The financial model is as follows: A Social Impact Fund would be provided grants by philanthropic partnerships where co-investors would come forward and provide grants for philanthropic partnerships, without expecting any returns or muted returns for that matter, or the grants can be provided by corporates to satisfy their CSR obligations, out of the CSR funds[4], wherein essentially the SIF would function as a pooled investment trust. The capital, from these grants, can then be used to fund the activities or functioning of NPOs or social welfare organisations, without expecting any returns thereby differing from the Development Impact Fund. The way to analyse the success would be a successful “social returns”[5].

An example of this system can be seen in the Power of Nutrition, which is a UK-based foundation, established by the Children’s Investment Fund Foundation, UBS Optimus Foundation, Department for International Development (DFID), UNICEF and World Bank. It strives to find the relevant organisations involved in providing nutrition supplies to the people of Africa and Asia by a network of implementation agencies, and subsequently invites corporates to co-fund the initiative, which in turn reflects positively on their CSR charts. The program has mobilised over $540 mn, and has presence in 13 countries, thereby providing an extensive group of philanthropists in the form of investors, government donors, businesses etc. Similar is the case of Gates Philanthropy Partners (GPP), wherein the lead funder is Bill and Melinda Gates Foundation, which calls forth co-founders to participate in the fight against poverty, Covid-19, to enhance women empowerment etc. The organisation finds target projects which can have a direct impact on the said goals and has disbursed over $192 mn since 2017. It provides donations to institutions as UNICEF, OneGoal, Sewa Bharat, BRAC USA etc.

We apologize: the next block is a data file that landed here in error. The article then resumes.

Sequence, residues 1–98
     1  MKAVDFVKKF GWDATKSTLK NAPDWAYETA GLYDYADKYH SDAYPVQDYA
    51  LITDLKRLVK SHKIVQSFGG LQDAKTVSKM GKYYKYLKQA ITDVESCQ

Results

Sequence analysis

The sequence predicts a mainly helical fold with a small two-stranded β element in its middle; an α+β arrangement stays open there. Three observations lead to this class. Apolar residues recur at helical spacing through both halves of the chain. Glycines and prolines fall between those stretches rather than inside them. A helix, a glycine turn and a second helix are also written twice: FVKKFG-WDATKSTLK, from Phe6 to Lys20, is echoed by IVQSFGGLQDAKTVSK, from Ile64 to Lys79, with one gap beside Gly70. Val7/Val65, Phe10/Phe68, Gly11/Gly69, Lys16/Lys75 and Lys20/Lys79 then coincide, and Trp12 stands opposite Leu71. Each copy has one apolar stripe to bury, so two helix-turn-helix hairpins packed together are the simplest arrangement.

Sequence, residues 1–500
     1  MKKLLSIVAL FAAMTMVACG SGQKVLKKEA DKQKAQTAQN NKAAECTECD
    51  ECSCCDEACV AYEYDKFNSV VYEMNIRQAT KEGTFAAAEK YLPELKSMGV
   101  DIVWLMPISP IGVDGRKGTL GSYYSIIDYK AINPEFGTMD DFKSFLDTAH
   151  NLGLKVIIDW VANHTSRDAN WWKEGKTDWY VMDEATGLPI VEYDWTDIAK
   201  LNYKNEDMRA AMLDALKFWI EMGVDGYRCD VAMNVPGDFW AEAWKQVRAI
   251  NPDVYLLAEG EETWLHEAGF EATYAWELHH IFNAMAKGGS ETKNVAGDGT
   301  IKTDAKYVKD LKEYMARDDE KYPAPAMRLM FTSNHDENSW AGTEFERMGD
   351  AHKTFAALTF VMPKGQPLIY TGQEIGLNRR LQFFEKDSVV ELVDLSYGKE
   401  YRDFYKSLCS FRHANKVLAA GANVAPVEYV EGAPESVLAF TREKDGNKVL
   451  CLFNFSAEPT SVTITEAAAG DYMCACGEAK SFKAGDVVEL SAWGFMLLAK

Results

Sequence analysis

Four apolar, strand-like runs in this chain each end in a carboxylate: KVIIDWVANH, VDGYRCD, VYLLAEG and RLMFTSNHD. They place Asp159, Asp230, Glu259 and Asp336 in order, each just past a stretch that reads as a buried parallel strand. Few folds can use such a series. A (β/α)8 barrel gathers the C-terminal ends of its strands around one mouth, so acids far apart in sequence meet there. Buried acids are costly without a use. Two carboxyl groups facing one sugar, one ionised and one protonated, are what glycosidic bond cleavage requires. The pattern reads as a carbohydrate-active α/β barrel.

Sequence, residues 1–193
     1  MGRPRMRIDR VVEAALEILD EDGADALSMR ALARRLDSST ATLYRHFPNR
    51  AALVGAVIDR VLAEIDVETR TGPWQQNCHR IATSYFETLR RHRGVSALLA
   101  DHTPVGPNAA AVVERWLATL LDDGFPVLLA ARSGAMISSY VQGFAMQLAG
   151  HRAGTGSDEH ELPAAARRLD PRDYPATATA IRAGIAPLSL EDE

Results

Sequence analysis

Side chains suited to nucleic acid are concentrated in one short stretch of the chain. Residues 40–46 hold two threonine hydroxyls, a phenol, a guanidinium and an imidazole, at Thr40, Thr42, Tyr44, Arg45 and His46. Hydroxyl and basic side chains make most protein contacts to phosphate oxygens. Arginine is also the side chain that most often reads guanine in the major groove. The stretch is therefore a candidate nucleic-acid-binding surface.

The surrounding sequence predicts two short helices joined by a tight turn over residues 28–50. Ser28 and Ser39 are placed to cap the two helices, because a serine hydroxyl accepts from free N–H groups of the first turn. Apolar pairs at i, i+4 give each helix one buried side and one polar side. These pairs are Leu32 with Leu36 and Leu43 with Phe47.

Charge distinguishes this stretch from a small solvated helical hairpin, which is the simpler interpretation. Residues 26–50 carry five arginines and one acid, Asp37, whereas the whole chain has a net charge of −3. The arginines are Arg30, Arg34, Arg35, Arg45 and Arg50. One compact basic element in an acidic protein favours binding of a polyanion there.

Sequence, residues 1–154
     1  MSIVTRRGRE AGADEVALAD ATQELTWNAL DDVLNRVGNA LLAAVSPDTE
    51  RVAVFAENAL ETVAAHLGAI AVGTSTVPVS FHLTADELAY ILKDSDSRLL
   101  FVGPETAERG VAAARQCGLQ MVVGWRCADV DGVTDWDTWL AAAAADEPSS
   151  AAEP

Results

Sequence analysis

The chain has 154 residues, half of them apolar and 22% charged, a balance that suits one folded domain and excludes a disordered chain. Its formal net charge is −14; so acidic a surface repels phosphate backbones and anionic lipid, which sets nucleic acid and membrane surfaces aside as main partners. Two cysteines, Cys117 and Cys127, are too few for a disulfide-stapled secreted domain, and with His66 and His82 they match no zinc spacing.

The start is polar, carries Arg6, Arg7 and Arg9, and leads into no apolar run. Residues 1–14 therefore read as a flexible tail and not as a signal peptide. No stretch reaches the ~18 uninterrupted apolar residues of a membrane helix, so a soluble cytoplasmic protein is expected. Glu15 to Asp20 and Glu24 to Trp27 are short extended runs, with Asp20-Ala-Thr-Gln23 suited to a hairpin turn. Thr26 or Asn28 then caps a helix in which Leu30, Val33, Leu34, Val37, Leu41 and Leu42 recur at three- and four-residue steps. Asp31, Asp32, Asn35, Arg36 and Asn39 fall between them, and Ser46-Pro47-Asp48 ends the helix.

Till now, the SVFs have basically been used for profit purposes[6], however this can be regarded as an emerging regime to facilitate grants for charitable purposes.

CONCLUSION –

As India is moving towards becoming the second largest growing economy in the world in the coming days, even in the face of a potential global depression, there is an urgent need to drive focus on social sectors to diminish any harm that might occur to them in the face of wild economic competition. The key to moderate the conditions is by increasing investments in the social welfare organisation, which have been more or less prone to a lack of investment instruments or innovative structures, given the absence of any legal foundation. However, the recent amendment by SEBI highlights the attention of the policy-makers on the field, which led to the legalisation of social stock exchanges and investment instruments such as ZCZP. On the same lines, the concept of SIF which is found extensively in foreign jurisdiction can be employed in India to increase the domain of instruments, and to provide a two-fold benefit to the corporates as well as the NPOs, thereby driving the whole machinery without any active involvement of the NPOs itself in the business sector.

[1]  SEBI (Issue of Capital and Disclosure Requirements) (Third Amendment) Regulations, 2022, Noti. No. SEBI/LAD-NRO/GN/2022/90, dated 25-7-2022.

[2] Working Group Report On Social Stock Exchange, June 1, 2020, < https://taxguru.in/sebi/working-group-report-social-stock-exchange.html> accessed 15 August 2022.

[3] Securities and Exchange Board of India (Alternative Investment Funds) Regulations, 2012, LAD-NRO/GN/2012-13/04/11262.

[4] Technical Group Report On Social Stock Exchange, May 06, 2021, < https://taxguru.in/sebi/technical-group-report-on-social-stock-exchange-comments.html> accessed 15 August 2022.

[5] Id.

[6] Supra note 2.

Author: Manvi Raj, a 4th-year law student at the University School of Law and Legal Studies, Guru Gobind Singh Indraprastha University, India.